Clark Ashton Smith

Upon thy separate road
(Thou, who hast chosen the world’s appointed way)
My songs shall be as the perfume of sandalwood
Borne by a secret wind from form-lost irretrievable islands,
Where the hibiscus bowers of our love,
And the palaces of roseate marble,
With all their vine-caught pillars,
Were dreamt, but never builded.
And through the clanging tumult of thy days,
A rumour of phantom chords,
Of dulcimers destroyed,
And lutes that might have been,
Shall call and cry to thee as the burden of my songs;
And thou shalt hear the spectral fountains fall,
Delicious as the laughter
Of ghosts of amorous women,
Of flowers that never were;
And winds that flee, exiguous and faint,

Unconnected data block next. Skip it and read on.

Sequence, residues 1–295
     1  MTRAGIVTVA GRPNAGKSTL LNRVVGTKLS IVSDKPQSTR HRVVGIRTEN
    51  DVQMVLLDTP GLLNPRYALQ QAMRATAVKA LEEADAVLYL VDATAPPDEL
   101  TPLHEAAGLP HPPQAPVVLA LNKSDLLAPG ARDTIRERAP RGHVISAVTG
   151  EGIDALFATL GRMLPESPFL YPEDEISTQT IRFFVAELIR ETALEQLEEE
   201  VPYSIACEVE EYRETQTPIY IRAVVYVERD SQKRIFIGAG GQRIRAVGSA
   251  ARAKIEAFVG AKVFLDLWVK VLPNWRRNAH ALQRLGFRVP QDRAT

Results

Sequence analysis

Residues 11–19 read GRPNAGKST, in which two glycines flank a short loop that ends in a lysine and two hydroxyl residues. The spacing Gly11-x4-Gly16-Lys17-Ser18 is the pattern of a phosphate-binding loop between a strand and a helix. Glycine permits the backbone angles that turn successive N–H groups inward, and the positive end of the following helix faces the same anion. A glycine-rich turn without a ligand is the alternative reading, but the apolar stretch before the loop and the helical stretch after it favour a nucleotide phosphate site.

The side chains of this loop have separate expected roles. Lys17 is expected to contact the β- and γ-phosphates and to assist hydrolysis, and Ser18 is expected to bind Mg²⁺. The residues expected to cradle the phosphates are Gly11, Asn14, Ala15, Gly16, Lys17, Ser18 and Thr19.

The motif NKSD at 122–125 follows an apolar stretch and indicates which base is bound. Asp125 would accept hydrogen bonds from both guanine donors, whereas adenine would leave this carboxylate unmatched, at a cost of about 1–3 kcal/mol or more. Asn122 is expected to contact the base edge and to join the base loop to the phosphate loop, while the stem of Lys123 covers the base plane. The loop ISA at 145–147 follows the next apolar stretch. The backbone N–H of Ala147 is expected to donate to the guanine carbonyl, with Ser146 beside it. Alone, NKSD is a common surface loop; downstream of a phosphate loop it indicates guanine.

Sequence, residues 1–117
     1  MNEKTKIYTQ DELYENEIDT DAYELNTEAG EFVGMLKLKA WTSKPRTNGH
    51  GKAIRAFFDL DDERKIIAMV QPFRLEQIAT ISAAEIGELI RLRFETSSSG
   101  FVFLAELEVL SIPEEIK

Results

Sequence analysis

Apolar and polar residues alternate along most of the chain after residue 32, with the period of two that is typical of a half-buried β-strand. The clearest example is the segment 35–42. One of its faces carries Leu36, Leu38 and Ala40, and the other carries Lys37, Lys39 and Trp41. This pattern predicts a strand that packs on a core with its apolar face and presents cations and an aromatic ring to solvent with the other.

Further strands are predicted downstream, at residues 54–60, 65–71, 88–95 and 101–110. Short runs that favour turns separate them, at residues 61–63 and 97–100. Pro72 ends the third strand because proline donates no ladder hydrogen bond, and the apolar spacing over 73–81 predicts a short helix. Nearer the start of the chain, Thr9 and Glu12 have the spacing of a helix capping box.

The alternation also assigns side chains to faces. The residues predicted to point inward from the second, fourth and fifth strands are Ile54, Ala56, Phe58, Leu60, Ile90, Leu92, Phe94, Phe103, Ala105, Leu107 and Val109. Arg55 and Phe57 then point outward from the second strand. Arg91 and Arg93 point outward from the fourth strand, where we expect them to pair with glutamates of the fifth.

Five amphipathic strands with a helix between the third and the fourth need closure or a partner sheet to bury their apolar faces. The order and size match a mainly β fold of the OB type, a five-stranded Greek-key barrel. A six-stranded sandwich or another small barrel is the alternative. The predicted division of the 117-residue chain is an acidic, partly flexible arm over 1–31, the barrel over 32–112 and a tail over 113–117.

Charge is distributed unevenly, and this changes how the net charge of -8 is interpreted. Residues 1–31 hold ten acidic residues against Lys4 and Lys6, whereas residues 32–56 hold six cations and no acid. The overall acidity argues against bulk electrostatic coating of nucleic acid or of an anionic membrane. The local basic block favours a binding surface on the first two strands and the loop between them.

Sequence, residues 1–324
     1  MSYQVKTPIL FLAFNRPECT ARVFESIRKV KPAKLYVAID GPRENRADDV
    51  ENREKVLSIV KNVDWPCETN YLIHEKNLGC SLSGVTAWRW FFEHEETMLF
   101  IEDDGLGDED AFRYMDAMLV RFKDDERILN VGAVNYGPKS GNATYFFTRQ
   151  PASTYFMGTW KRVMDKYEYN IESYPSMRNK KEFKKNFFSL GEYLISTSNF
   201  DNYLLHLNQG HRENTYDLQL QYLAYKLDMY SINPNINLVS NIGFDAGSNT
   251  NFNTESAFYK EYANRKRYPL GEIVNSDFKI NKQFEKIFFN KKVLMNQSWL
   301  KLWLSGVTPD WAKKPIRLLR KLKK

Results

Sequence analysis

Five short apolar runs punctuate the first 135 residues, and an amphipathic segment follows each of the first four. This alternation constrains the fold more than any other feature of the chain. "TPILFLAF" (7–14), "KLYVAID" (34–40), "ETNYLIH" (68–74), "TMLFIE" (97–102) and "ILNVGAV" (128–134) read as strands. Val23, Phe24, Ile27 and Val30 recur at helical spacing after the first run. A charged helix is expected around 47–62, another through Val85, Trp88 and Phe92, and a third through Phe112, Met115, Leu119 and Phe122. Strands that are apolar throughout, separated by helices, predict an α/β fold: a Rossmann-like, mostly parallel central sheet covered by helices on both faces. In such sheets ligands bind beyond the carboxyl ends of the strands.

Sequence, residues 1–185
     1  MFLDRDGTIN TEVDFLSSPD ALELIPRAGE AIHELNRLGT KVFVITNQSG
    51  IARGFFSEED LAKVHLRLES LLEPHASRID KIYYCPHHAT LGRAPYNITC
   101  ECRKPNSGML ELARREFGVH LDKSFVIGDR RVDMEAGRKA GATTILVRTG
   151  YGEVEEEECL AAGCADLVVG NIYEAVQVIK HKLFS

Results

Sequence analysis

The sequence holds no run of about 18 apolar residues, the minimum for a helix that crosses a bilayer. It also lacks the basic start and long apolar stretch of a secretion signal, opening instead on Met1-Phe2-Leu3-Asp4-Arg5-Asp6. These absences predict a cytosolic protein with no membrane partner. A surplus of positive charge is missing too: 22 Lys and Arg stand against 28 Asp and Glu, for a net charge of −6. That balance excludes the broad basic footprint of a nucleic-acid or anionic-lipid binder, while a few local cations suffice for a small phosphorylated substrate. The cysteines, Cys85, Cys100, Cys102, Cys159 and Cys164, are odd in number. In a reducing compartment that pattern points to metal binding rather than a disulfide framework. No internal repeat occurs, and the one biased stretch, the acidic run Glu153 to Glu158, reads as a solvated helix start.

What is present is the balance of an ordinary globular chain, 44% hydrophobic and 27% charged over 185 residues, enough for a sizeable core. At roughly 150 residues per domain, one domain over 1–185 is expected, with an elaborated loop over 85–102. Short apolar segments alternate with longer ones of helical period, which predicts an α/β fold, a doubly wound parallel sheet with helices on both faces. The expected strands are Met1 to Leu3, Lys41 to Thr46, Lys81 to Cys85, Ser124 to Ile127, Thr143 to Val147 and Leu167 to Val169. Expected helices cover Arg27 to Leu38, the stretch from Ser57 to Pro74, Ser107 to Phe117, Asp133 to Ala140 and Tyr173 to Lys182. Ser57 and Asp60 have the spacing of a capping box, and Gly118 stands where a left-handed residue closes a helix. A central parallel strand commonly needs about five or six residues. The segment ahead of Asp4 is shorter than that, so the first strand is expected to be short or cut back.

Like the sighs of long-dead lovers,
Through seedless gardens without place or name.
And thou shalt know
What immaterial myrtles, pale and sweet
As the breasts of love-worn queens,
Or flushed as with a maiden's glowing blood,
Were strewn to make
The forfeit couch where two shall never come;
And know
What topaz or what Tyrian-coloured wines
The palm-entrellised grapes
Withhold in lost Cocaigne.

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